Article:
This is a bit of a throwback post, as some of it was first posted by me in 2019, and was in fact my fifth ever review on the blog. I’m re-posting with some additional discussion of publication prospects in the West for Turkish authors, as part of my month of Turkish cultural appreciation.

Translator from the Turkish Nicholas Glastonbury, writing in the Los Angeles Review of Books in May 2021, noted that “In various conversations with translators, agents, and colleagues, publishers often articulate that they have informal quotas for writers beyond Europe (e.g., ‘We already have a Turkish author’)”. Elif Shafak of course is “the” Turkish female writer read most widely in the UK and other Western nations, fairly or not.

Shafak is living effectively in exile from her homeland: by writing about controversial topics, such as the Armenian genocide, she came into conflict with the authorities, which also apparently see her engagement in her fiction with topics such as the abuse of children as tantamount to their promotion.

Since settling in the UK and starting to write novels in English (which are then translated into Turkish for readers from her home country), she has appeared on a number of prestigious UK-based prize lists, including the Booker shortlist, and she has made it onto the recently announced 2021 Costa longlist for best novel for her latest release, The Island of Missing Trees. Her mastery of English is impressive.

I went to see Elif Shafak speak at an event at the British Library in London in mid-2019, and was impressed. A political scientist and champion of minority rights as well as an author, she’s extremely personable and spoke intelligently of the need for engagement between cultures in order to challenge and break down populist stereotypes and prejudices. She also spoke thought-provokingly about our expectations of literature from other places: for example, our preconceptions mean that we might not expect, say, an Afghan woman to write a work of sci-fi.

Interestingly, in light of this remark, Glastonbury pointed out in his 2021 article that UK and US publishers often have unstated criteria in mind when considering whether to publish a Turkish novelist: a reason for rejection might often be down to the fact that a manuscript “did not play into the predominant scripts that the World Literary Market has set for Turkish writing: if there’s no ‘East meets West’, no ‘tradition meets modernity'”, then it doesn’t fit the mould. 

Shafak’s Booker-shortlisted 10 Minutes 38 Seconds in this Strange World, published in 2019 by Viking, follows the life of a murdered prostitute, Tequila Leila, through a series of vignettes. These are experienced in time-bending flashback as her mind is shutting down in the 10 minutes and 38 seconds after her killing.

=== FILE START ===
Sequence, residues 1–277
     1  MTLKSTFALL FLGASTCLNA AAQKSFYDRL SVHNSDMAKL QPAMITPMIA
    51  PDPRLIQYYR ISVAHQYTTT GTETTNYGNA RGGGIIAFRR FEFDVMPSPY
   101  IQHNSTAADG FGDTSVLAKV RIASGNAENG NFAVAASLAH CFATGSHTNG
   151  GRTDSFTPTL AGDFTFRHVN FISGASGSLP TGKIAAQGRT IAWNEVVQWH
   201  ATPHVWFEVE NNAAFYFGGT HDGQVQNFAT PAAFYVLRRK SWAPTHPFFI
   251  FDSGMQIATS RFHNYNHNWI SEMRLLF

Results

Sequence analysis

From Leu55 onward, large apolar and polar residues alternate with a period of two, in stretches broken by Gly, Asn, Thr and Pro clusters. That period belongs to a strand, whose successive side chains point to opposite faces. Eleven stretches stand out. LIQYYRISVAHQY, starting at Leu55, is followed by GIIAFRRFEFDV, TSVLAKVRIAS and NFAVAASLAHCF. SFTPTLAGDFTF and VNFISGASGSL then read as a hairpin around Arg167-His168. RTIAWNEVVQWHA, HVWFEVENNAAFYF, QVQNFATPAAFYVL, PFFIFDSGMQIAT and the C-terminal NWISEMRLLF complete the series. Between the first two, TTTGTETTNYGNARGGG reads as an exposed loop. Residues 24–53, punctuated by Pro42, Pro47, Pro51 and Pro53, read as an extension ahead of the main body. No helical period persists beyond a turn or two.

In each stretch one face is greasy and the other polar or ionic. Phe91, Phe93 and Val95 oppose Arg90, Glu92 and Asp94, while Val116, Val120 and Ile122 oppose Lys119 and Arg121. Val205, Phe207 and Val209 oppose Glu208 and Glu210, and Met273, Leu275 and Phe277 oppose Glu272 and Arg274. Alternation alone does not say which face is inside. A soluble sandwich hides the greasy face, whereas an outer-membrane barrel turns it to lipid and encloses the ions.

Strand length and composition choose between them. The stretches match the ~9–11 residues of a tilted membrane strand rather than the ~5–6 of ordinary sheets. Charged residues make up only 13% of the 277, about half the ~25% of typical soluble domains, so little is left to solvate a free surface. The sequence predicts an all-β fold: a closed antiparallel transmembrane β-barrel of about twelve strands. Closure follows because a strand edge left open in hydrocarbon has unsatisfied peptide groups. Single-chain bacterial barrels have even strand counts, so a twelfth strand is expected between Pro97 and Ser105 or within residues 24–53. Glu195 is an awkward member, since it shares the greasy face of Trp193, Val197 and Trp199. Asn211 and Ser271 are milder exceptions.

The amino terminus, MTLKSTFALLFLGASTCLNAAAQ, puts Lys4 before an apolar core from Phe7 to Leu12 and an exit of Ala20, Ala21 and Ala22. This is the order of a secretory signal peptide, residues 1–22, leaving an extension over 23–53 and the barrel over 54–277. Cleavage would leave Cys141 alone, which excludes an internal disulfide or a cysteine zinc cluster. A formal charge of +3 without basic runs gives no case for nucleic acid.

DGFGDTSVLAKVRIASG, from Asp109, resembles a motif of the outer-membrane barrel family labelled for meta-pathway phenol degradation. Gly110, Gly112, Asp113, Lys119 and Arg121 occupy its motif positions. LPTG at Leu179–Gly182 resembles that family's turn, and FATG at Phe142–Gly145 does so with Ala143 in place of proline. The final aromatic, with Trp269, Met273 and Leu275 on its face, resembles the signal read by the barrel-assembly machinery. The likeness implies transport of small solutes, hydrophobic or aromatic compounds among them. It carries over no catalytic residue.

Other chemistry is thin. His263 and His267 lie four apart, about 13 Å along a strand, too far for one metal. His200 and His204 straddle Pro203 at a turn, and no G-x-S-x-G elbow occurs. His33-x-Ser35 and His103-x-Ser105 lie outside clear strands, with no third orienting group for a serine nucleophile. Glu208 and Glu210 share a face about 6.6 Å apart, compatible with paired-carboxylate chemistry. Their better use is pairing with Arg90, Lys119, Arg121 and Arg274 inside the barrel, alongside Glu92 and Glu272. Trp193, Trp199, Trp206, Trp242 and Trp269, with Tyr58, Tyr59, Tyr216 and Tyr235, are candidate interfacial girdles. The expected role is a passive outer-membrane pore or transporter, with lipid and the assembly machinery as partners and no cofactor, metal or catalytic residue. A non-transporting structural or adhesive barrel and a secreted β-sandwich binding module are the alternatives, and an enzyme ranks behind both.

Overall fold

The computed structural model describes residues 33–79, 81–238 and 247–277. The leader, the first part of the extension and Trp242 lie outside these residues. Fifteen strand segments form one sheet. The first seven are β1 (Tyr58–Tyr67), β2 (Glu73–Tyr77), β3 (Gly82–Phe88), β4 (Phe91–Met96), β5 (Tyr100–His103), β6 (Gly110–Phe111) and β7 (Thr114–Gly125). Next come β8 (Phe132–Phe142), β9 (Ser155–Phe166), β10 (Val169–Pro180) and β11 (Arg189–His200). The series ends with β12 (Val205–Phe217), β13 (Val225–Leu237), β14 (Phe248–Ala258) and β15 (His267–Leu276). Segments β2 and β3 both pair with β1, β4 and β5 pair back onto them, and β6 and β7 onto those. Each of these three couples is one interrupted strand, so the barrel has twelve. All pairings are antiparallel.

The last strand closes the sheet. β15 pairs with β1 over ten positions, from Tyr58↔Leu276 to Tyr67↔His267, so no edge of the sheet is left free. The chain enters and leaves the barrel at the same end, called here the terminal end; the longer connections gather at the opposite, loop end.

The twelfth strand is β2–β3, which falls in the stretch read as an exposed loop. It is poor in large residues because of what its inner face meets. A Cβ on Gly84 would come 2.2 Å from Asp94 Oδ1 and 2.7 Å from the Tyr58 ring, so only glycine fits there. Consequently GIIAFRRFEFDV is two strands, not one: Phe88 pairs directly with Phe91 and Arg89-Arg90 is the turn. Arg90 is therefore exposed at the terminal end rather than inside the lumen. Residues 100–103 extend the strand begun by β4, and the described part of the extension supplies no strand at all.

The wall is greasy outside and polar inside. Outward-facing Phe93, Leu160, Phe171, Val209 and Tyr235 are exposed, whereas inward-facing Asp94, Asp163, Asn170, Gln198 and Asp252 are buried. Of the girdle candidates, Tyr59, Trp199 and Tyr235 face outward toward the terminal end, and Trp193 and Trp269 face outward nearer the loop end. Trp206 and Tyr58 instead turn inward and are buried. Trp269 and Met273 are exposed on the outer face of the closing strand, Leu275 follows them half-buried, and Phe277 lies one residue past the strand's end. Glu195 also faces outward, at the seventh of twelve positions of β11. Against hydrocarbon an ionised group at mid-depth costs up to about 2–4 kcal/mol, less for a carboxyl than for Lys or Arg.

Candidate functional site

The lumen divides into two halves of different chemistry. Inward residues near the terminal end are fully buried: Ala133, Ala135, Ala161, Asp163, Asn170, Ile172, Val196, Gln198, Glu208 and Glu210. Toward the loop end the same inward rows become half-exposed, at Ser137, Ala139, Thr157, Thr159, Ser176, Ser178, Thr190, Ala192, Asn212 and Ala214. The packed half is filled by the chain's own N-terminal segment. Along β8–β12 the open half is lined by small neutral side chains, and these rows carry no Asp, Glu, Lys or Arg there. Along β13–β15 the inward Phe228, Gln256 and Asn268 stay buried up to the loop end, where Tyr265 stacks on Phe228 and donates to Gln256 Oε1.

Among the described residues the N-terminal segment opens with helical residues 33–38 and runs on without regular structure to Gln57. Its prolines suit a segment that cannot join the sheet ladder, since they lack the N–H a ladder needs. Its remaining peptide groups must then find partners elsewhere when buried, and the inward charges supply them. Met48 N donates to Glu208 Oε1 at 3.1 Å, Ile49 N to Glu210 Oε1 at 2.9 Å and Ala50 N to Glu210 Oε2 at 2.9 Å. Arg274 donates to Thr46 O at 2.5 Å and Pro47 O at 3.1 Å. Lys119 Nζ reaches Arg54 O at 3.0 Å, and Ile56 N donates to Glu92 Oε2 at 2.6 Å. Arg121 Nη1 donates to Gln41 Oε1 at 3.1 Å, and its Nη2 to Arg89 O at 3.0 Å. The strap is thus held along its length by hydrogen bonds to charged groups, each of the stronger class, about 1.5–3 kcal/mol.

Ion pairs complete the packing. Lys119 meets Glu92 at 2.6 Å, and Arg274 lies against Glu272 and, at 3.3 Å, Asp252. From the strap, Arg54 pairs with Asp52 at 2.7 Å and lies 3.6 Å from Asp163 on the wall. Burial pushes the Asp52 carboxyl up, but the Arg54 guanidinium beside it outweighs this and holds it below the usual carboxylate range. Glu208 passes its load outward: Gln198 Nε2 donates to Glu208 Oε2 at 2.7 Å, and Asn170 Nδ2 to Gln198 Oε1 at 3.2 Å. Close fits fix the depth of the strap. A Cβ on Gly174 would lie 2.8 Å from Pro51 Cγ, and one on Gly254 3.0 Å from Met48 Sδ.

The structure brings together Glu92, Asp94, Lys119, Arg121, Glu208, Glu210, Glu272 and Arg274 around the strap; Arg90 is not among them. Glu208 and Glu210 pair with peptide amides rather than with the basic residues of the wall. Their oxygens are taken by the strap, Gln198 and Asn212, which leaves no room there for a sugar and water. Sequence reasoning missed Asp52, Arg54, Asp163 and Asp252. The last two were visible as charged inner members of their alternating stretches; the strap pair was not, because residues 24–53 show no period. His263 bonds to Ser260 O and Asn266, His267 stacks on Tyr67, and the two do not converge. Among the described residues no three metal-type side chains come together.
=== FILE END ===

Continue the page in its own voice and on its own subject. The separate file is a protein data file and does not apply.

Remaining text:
There is certainly a “tradition vs modernity” storyline here. The daughter of successful tailor Haroun, Leila rapidly finds that her life is hugely restricted, and largely predetermined by traditional and familial codes. The book traces her path from child to sex worker, and doesn’t shy away from tackling the various prejudices and abuses suffered by both Tequila Leila and other characters in the novel. Indeed, the book is polemical in preaching a worthwhile message of equality and tolerance, and in challenging patriarchal societal norms. Sometimes, to a liberal Western reader, these points can feel a bit claw-hammered in.

Shafak writes in sensuous, evocative prose, even when describing scenes that are far from beautiful:

“The curtains, tattered and faded from the sun, were the colour of sliced watermelon – and those black dots that resembled seeds were, in fact, cigarette burns.”

The book is also a celebration of friendship, as despite her hardships, Tequila Leila has been surrounded in her life by a diverse circle of supportive companions. These friends, like Leila, live on the margins of society: Sabotage Sinan is her childhood best friend; Jameelah is a Somali victim of human trafficking; Zaynab122 is a Lebanese Muslim refugee with dwarfism; singer Humeyra has fled marital abuse; while Nostalgia Nalan is a trans woman.

Amid the often difficult subject matter is also humour, and even slapstick. This is particularly the case during the latter part of the novel, when her friends determine to ensure that Tequila Leila receives an appropriate burial. Although I enjoyed the book overall, I could imagine this part might work best as a film. I’m also not wholly convinced that the concept of the book, based on the neurological processes surrounding death, entirely works.

10 Minutes and 38 Seconds in this Strange World is often something of a love letter to Istanbul, which is beautifully and vividly described, although we’re not getting away from that “East meets West” cliche beloved of UK/US publishers.

“Imperial Istanbul versus plebeian Istanbul; global Istanbul versus parochial Istanbul; cosmopolitan Istanbul versus philistine Istanbul; heretical Istanbul versus pious Istanbul; macho Istanbul versus feminine Istanbul … then there was the Istanbul of those who had left long ago, sailing to faraway ports…”

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  1. It’s good to read your appraisal of the Glastonbury article..I’ve heard about the ‘quotas’ for non- European literature and the stereotyping expectations of Turkish literature elsewhere. Good to be reminded too of the many pleasures of this novel. Thank you.

    Liked by 1 person

  2. I read this book a while ago and I loved it, it is one of my all-time favourites. I found it visual and hypnotic.

    Liked by 1 person

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